Halloween (the holiday, not the movie) is imminent and a remake of Suspiria is working its way through theaters. What other horror property might actually benefit from a full-fledged remake?
To clarify, we want to differentiate remakes (which start the story over from scratch) from sequels or whatever the 2018 Halloween movie is supposed to be.
At first glance, I thought this week’s Roundtable would be a rather simple topic to cover, but then I realized in my quest to find something truly worthy of being remade that Hollywood has tried to relaunch almost every popular horror film made in the past 50 years.
Therefore, I’m going off the board ever so slightly (some of you will argue this isn’t a horror film, but it has enough scares to qualify) and risk a sacrilegious statement by saying it’s high time Universal thought about a remake of Jaws.
I know what you’re thinking – the original is perfect and why mess with perfection? Well, they messed with perfection three times before, so why not give it another shot, this time going back to the original story.
Let’s hire someone like Sam Rockwell to take on Chief Brody, Jesse Eisenberg to play Hooper, and for those of you who think Robert Shaw is irreplaceable, say hello to Ian McShane as Quint.
Get Spielberg on board as a producer, then hire someone like J.J. Abrams or Kathryn Bigelow to direct, and Universal might have another classic for a new generation.
I don’t see remakes, or specifically horror remakes, as necessarily a bad thing. Anyone who rails against them as a whole should have their viewing privileges revoked for both The Thing and 1978’s Invasion of the Body Snatchers as punishment. But I do think a different approach can be taken to remaking films. Rather than taking a beloved classic, updating it to include cell phones and skinny jeans, and then running away with fistfuls of opening weekend box office cash, why not remake films that could have been better, ones that have a kernel of a good idea but were poorly executed the first time around? Two that spring to mind are The Bye Bye Man and The Hexecutioners. At their core, both have decent premises, but neither delivered a very good film in the end. Why not see what could be done with those ideas, if they were given a little more money and someone different to direct?
M. Enois Duarte
As much as I love Fred Dekker’s original take on sci-fi horror and teen/college raunchy comedies, I think a remake of Night of the Creeps would be pretty awesome to watch with a contemporary audience. Of course, the filmmakers would need to hurry up before the current zombie craze loses its popularity. Then again, the alien body snatchers theme is perhaps not a familiar premise with modern moviegoers, so it’s possible much of the humor and satire will go over most people’s heads. In either case, I would enjoy watching a modern take on this ’80s cult classic.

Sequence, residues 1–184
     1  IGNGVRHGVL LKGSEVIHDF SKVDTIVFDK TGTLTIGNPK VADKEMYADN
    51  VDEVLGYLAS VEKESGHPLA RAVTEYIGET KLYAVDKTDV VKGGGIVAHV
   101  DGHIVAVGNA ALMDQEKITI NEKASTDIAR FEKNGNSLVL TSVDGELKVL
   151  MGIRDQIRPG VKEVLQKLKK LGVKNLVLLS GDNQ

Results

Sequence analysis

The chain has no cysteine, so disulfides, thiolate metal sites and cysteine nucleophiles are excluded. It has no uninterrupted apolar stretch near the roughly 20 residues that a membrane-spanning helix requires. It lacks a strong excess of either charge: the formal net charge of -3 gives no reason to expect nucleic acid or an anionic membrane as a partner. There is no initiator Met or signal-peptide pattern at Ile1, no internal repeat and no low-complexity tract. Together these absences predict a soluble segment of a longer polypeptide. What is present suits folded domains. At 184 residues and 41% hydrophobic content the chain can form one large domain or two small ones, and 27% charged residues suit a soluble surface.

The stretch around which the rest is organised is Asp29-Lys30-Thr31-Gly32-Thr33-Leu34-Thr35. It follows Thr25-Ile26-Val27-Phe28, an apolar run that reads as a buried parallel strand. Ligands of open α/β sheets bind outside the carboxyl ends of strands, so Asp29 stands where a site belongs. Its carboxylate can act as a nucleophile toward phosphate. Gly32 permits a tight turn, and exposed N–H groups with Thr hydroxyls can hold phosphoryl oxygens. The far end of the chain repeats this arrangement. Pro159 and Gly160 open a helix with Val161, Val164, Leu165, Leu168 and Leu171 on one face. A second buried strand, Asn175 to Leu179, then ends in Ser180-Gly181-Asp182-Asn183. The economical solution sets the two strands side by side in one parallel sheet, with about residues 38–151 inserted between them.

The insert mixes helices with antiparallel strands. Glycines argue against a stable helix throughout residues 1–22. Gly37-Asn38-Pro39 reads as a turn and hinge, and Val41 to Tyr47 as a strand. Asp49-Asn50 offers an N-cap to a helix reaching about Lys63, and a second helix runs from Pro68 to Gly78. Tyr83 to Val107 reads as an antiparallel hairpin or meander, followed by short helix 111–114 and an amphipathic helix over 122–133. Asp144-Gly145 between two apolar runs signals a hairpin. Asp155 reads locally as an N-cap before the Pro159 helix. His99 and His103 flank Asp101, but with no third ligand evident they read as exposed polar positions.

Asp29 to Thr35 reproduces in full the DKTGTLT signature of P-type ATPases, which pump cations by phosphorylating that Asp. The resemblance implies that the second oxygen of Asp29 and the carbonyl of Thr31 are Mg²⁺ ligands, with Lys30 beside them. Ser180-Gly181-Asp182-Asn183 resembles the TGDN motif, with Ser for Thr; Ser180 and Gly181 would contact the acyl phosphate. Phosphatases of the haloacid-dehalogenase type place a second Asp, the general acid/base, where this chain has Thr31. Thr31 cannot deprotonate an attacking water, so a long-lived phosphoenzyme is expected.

Screamers is a 1995 horror movie that has always seemed like a missed opportunity. It’s an adaptation of Philip K. Dick’s short story Second Variety, which would seem to have just the right amount of content to make for a great film, but I’m still waiting. There was a short Kickstarter project filmed in the UK in 2014, but that was very small in scope and budget. Apparently, a new project is in the works in Hollywood, but I won’t hold my breath. At this point, a great venue might be a Black Mirror episode, since the obvious themes of humanity and technology culminating in horrific events and actions would appear to be the mainstay of that series. Dammit, with the Alien and Predator franchises in such sorry states, we need more to remind us of the value of the sci-fi horror genre.
Adam Tyner (DVDTalk)
What’s the point in remaking a horror movie that’s already good? I’d prefer to see a remake of a film with a promising premise that, for one reason or another, just couldn’t stick the landing.
Case in point: The Happening. As dreadful as the final product is, there’s at least the germ of something potentially compelling. The prospect of people all around you taking their own lives in front of you is as nightmarish as it gets. The toxin that’s to blame appears to be inescapable. There’s the persistent dread that those you love most deeply – someone who may even be within arm’s reach – could at any moment grab a claw hammer and smash in her own skull.
It’s a concept that ought to be endlessly suspenseful, with any character potentially killing themselves at any point, seemingly without provocation. It could be and should be incredibly atmospheric, building on both the paranoid thrillers and nature-run-amok genre pieces of decades past. And, for the gorehounds out there, it lends itself to all sorts of disturbing, ghastly, dementedly imaginative visuals.
I get that The Happening is too recent and too reviled for a remake to be in the cards anytime soon. Still, with a more competent screenplay and a director capable of evoking vaguely passable performances from his cast, I think there could still be something there.
Like others have said, I’ve always believed that there’s little point in remaking movies that were actually good the first time around. The most promising basis for a remake should be a movie that perhaps had a good premise but didn’t execute it very well. To that end, I nominate Dreamscape, in which Dennis Quaid plays a smug psychic grifter who gets roped into participating in a shady scientific research project that sees him projected into the apocalyptic nightmares of the President of the United States.
The 1984 film has a nifty concept, but its corny plotting and laughable special effects haven’t aged well at all. With a clever writer to make something decent of the script and with improved modern production values, a remake could play like a smart, horror-focused version of Inception.
What horror movies would you remake? List them off in the Comments.